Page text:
This year I had the opportunity to lead our predictions for big data. Unlike most predictions this time of year, we don’t just look ahead for the coming 12 months. The effects of innovation, changes in the market and impact on IT budgets are hard to recognize over such a short timeframe. That’s why our predictions often extend to 36 months. (We also do lookbacks to see if we were right or not, but that’s a topic for another blog post.)
What became clear during the process of selecting and refining predictions is the focus has changed. Technology is no longer the interesting part of big data. What’s interesting is how organizations deal with it. The hype is receding and big data is no longer viewed as a simple technology problem. Organizations have to focus on the building blocks of enterprise information management (EIM):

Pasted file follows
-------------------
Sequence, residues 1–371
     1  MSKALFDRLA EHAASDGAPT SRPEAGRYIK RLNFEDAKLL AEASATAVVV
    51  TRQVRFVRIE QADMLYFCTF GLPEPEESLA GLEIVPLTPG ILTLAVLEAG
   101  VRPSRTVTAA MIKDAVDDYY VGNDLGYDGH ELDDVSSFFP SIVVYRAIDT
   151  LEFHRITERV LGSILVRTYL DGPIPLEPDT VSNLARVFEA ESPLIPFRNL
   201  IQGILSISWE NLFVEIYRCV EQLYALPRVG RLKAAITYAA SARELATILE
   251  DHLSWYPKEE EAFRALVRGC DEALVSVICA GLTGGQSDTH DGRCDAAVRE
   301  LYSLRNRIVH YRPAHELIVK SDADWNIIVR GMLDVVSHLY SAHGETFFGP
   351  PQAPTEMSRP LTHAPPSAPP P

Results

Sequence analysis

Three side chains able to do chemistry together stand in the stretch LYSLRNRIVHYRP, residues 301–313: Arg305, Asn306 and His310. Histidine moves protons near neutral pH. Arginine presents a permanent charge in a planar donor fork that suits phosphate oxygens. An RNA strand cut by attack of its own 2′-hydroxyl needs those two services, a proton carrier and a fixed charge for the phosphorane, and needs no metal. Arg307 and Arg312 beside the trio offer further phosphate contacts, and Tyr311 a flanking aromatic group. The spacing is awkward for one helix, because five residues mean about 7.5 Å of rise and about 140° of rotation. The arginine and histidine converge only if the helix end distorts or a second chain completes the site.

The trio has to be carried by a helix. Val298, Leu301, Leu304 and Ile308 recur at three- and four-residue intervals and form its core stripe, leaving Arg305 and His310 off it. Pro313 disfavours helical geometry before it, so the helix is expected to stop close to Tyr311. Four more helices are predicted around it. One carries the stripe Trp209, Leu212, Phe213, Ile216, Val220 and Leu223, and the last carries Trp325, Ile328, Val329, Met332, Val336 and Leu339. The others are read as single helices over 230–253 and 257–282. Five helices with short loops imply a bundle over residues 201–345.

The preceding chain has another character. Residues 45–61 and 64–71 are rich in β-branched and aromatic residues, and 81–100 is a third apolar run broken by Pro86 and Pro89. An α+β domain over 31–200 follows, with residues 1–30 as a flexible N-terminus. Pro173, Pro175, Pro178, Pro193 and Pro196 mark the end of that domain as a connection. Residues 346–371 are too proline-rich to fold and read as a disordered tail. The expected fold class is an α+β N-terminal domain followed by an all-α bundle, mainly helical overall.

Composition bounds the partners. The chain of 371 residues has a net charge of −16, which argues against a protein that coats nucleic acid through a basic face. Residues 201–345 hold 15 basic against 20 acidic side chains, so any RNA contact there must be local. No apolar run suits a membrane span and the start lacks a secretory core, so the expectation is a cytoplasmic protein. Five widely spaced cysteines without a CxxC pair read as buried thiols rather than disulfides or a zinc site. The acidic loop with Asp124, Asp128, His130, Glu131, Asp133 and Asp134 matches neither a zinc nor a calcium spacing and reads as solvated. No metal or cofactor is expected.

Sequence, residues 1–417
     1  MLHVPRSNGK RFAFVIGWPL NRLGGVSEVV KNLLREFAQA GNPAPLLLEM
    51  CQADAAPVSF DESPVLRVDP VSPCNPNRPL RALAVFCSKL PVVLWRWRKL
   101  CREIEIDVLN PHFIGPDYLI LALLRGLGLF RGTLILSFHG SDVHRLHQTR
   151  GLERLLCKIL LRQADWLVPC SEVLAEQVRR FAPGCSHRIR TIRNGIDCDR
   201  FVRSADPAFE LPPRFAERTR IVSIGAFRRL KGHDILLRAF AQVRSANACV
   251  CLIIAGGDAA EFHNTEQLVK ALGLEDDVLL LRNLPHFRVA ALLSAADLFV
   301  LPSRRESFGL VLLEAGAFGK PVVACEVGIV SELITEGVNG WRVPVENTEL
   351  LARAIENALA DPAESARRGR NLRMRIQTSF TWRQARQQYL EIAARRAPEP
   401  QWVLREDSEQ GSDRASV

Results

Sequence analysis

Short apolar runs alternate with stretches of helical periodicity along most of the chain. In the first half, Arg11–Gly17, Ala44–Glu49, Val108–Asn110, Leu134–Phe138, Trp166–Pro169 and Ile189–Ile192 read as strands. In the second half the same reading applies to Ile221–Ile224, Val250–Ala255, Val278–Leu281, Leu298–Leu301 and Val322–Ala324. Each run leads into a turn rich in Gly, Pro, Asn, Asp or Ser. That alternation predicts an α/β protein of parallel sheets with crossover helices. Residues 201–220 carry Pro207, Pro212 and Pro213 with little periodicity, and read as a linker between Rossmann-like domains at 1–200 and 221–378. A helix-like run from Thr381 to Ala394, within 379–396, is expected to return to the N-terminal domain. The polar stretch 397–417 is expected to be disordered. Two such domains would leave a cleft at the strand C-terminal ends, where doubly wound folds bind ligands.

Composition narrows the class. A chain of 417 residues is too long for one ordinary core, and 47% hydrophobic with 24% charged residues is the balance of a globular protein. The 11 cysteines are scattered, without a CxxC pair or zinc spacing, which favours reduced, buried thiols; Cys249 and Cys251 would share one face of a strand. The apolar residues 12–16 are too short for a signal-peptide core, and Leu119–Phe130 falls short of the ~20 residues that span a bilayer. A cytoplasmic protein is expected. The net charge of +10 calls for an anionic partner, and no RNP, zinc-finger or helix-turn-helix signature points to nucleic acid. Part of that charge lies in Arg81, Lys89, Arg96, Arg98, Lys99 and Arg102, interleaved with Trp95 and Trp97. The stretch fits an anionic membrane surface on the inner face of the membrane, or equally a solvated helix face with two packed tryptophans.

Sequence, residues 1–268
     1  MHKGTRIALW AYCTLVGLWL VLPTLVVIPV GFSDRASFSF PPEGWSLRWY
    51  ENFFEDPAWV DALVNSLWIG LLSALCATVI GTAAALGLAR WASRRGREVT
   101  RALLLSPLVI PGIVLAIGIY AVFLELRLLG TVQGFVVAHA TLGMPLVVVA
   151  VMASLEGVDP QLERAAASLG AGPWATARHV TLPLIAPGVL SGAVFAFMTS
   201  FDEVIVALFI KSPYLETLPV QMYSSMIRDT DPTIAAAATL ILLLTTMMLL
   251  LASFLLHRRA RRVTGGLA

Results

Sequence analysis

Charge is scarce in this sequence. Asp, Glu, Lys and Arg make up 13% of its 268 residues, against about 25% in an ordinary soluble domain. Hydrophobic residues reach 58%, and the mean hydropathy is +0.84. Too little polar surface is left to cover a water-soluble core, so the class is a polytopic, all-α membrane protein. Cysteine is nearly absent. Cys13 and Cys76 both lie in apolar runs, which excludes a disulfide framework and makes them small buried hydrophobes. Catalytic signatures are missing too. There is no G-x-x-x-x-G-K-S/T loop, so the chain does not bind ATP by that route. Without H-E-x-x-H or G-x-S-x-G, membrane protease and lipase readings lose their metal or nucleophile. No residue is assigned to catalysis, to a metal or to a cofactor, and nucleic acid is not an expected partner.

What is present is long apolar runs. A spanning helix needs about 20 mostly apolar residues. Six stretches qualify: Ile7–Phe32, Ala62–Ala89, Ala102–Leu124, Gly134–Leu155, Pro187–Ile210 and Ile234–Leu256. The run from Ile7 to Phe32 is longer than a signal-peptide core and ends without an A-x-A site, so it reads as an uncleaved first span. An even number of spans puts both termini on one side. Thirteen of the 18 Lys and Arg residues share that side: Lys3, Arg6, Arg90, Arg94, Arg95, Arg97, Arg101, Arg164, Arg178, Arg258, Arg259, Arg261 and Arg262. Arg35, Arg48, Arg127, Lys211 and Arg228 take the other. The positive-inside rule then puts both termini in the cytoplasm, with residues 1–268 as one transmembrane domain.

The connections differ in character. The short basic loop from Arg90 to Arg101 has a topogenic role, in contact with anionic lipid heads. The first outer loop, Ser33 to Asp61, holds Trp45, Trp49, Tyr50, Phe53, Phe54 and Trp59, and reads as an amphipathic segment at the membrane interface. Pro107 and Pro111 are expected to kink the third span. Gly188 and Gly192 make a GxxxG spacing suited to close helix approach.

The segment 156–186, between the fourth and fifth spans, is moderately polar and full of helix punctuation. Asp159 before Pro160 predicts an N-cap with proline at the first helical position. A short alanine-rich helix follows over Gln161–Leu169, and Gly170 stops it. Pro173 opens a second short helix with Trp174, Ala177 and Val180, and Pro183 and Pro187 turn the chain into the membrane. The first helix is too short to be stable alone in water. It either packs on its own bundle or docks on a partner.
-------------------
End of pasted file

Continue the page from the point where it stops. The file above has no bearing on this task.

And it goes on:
So far, only the most rudimentary elements of enabling infrastructure have been considered. This is not sustainable. One prediction from my colleague Roxane Edjlali is that 60% of big data projects will fail to make it into production either due to an inability to demonstrate value or because they cannot evolve into existing EIM processes.
This is only part of the story. Cultural or business model changes will be necessary to benefit from big data. And ethics must be a primary consideration as privacy concerns rise in importance.
Gartner clients can read the full report here: Predicts 2015: Big Data Challenges Move From Technology to the Organization. If you want to ensure your organization is on the right side of the analytical divide, join me and my Gartner colleagues at the Gartner Business Intelligence & Analytics Summit.
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Great post. All of the stuff that companies *need* to do in order to get value out of Big Data is the stuff they don’t *want* to do because it is difficult, expensive, time-consuming, etc. Big Data, in many minds, is a gigantic “easy” button. It’s really good to call out the 40% success rate of making it to production when the basics are ignored.